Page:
Amanda and Jenn discuss Finnish literature, mental illness, enemies-to-lovers stories, and more in this week’s episode of Get Booked.
1. I’m heading on a trip to Finland at the end of February and I’d love to read some Finnish fiction, translated to English please! I’d love something with a strong sense of place to familiarize me with the environment/culture/weather etc. My favourite books are easy enough to fall into and ones where the characters stay with you long after the story ends. I’m generally a literary fiction reader but happily read other things except for romance and scific/fantasy (as a rule). If it helps, some of my favourite authors are Heather O’Neill, Miriam Toews, Peter Heller, A.M. Homes, Wally Lamb, David Benioff and Willy Vlautin.
Thanks for the help!
2. Hi! I love your podcast and listen to your show every week!
I just finished Turtles All the Way Down by John Green and loved Aza’s perspective. I live with mental illness as does she, and I really enjoyed reading a story where the character accepts her mental illness and still struggles even though she is in recovery. I really like the non-linear way the book looks at her condition. Do you know of any other books where the main character has a mental illness, but does not exactly “defeat” it and instead learns to accept themselves? I have read I Can’t Promise You a Rose Garden and enjoyed that. (Sidenote, I have read many books about people with eating disorders and I would prefer recommendations that do not include that topic.)
3. I love fiction by what I like to think of as provocative and sometimes offensive people of faith. I love books where the author writes about his or her faith tradition from a place of love, but aren’t afraid to ask the messy questions, air the dirty laundry, and treat belief like the complicated, untidy, yet deeply meaningful thing that it is. Some of my favorite authors that I’d put in this category are Chaim Potok, Fyodor Dostoevksy, Graham Greene, Evelyn Waugh & Levi S. Peterson. I love would to read more fiction like this. I read widely and would be comfortable with any genre except horror.
4. Recently I read Michelle Moran’s The Heretic Queen. Unfortunately, I didn’t enjoy it, but it did leave me wanting to find a good historical romance or fiction in a similar vein. The main reason I did not enjoy the book was because I felt the relationship in the book was not strong enough. I have two requests, and I hope they aren’t too much. I’d like the book to be set in the ancient world (Greece, Egypt, Rome), and I want a strong relationship (F/M M/M and F/F are all fine). I don’t want instant love, or an undeveloped relationship- I really want to be able to root for the relationship. And before you mention it, I have read (and loved) The Song of Achilles.
Thanks for the awesome show guys! I can’t wait to hear your recommendations.
I am not a big romance reader. I very rarely pick up a romance. I struggle with historical fiction, so historical romance is really not my thing. However, I recently read The Hating Game by Sally Thorn and loved the contemporary romance. It was an “enemy to lovers” type books, so I enjoyed the banter and the humor.
Disclaimer: some portions were problematic, so I do not mean to say that it was perfect. But, it did keep me reading.
I would like some similar recommendations. I would prefer contemporary romance, but I’ll take anything I can get that explores the “enemy to lovers” theme.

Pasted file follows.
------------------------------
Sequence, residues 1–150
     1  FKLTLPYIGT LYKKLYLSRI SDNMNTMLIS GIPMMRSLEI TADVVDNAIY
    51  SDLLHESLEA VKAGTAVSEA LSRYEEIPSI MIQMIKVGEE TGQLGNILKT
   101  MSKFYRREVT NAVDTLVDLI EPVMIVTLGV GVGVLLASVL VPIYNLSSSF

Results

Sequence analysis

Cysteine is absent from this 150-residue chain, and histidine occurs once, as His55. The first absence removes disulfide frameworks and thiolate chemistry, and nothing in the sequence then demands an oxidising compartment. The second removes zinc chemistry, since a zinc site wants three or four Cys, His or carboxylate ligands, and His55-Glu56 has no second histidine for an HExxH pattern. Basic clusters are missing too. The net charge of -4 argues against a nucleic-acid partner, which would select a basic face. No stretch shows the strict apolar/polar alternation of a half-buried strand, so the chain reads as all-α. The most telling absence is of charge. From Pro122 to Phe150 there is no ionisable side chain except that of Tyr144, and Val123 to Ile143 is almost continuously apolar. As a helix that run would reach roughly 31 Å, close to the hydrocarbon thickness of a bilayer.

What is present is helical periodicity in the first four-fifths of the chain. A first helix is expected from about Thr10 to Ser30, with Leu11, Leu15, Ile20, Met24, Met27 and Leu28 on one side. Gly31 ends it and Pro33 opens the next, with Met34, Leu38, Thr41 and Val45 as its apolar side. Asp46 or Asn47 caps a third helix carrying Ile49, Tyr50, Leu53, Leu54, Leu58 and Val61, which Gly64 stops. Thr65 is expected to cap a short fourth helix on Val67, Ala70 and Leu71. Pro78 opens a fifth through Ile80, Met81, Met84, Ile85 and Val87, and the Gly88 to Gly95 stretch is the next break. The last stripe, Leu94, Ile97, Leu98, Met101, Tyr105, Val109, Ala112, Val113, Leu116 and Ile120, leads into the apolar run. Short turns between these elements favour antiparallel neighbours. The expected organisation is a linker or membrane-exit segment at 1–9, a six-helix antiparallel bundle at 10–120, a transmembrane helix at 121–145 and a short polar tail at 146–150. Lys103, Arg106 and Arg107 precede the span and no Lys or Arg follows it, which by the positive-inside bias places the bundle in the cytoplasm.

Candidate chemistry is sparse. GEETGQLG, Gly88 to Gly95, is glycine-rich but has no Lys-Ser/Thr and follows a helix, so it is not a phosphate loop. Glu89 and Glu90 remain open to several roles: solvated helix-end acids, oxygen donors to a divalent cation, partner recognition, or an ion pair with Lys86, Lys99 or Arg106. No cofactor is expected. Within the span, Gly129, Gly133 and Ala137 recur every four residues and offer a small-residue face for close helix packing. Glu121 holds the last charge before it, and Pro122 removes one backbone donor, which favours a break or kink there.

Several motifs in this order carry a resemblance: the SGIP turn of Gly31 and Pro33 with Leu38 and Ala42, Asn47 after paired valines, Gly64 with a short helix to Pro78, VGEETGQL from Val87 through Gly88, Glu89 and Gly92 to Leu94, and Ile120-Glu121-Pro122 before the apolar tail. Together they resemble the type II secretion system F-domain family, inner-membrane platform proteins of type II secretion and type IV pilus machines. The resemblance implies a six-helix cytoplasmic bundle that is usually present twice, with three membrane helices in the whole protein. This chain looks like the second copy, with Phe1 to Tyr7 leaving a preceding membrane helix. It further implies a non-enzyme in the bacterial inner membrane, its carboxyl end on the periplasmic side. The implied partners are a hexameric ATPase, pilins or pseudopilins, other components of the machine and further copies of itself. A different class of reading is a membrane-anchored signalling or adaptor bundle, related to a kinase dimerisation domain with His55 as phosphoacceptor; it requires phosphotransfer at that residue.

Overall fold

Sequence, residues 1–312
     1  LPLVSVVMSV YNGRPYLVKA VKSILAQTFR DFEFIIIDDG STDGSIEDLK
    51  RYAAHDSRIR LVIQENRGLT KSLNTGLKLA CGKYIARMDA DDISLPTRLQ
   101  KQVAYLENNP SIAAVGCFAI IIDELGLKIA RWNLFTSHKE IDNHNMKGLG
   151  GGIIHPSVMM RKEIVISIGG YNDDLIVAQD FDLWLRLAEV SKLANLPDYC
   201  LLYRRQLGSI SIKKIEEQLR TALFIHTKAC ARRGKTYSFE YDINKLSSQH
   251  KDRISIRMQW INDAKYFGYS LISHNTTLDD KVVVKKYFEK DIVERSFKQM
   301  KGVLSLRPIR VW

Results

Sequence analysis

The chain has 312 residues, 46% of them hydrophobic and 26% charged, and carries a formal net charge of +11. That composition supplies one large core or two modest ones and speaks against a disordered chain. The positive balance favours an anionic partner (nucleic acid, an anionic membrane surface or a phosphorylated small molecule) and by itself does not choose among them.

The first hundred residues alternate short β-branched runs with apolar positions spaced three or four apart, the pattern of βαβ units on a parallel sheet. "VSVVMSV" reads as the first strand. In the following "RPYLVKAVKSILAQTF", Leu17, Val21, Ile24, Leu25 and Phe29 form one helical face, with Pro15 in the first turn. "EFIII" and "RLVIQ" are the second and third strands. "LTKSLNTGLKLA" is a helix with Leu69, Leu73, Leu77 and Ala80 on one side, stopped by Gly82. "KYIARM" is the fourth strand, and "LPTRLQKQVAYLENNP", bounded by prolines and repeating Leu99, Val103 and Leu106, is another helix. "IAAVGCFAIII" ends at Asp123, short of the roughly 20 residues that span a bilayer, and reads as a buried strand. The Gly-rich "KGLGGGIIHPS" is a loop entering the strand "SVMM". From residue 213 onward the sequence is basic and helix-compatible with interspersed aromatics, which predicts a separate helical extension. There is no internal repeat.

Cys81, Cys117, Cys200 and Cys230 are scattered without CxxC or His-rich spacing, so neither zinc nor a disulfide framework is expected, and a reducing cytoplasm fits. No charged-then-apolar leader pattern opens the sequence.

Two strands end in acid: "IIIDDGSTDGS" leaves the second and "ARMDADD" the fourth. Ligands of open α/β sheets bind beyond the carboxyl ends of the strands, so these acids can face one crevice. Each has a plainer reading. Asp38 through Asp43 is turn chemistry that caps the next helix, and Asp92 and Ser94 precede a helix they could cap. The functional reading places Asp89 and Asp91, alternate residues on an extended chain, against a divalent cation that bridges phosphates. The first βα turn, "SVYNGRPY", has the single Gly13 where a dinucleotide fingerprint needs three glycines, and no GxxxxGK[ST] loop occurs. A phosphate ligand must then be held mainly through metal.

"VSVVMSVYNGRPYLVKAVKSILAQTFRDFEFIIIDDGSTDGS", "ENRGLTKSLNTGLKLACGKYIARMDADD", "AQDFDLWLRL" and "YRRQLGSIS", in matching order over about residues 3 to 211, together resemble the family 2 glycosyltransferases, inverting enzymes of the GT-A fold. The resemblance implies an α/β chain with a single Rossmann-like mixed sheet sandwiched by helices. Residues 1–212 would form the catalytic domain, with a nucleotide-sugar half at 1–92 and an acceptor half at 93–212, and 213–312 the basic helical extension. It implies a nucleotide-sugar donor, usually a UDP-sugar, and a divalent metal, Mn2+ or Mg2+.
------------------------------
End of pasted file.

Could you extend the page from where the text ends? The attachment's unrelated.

–Awful at Romance Reading
6. Thank you for an awesome podcast. I suffer from depression and considering the world’s political climate, I will continue to suffer for some time. I study humanitarian action in crisis and I love to read books that are topic heavy, such as Half of a Yellow Sun by Chimamanda Ngozi Adichie or The color Purple by Alice Walker or an anthology about racism in Sweden (I’m from Stockholm). Although the books are so good and I can’t get enough (I also have ADHD which makes me unable to give up on these books but at the same time considering my depression they also make me sadder and unable to heal right now). I feel like I need something to break this habit while trying to get better and read book that’ll make me laugh or not think. I love novels about dance (favourites include Mao’s last dancer by Li Cunxin, A time to dance by Padma Venkatraman and Taking flight by Michaela DePrince) and novels from comedians like Seriously… I’m Kidding by Ellen Degeneres or How to Make White People Laugh by Negin Farsad. I’m giving you free hands, just remember – depressed, cannot stop reading awesome heavy novels, need something else though. And also, if you HAPPEN BY CHANCE to know a book about or featuring a person (not cis-gender white male) with ADHD, I’d love to hear about it.
7. Hi Amanda and Jenn!
Thanks for a wonderful podcast!
One of my favorite books is Sweetland by Michael Crummey. I enjoyed that it was set on an island, was very atmospheric, and beautifully dealt with loss and isolation. I also liked how nature was a large part of the book. I’m wondering if you have suggestions for something similar?
Thanks so much for your time!
The Other Lands (Acacia #2) by David Anthony Durham
Frankenstein in Baghdad by Ahmed Saadawi
The Year of the Hare by Arto Paasilinna
The Summer Book by Tove Jansson
I Am Not Your Perfect Mexican Daughter by Erica L Sanchez (trigger warning: self-harm)
Hate to Want You by Alisha Rai
Saints and Misfits by S.K. Ali (trigger warning: sexual assault)
The Mothers by Brit Bennett
The Captive Prince trilogy by CS Pacat (all the trigger warnings)
Hold Me by Courtney Milan
Dating You / Hating You by Christina Lauren
Yes Please by Amy Poehler
Year of Yes by Shonda Rhimes
Pond by Claire-Louise Bennett
Galore by Michael Crummey
All the Birds, Singing by Evie Wyld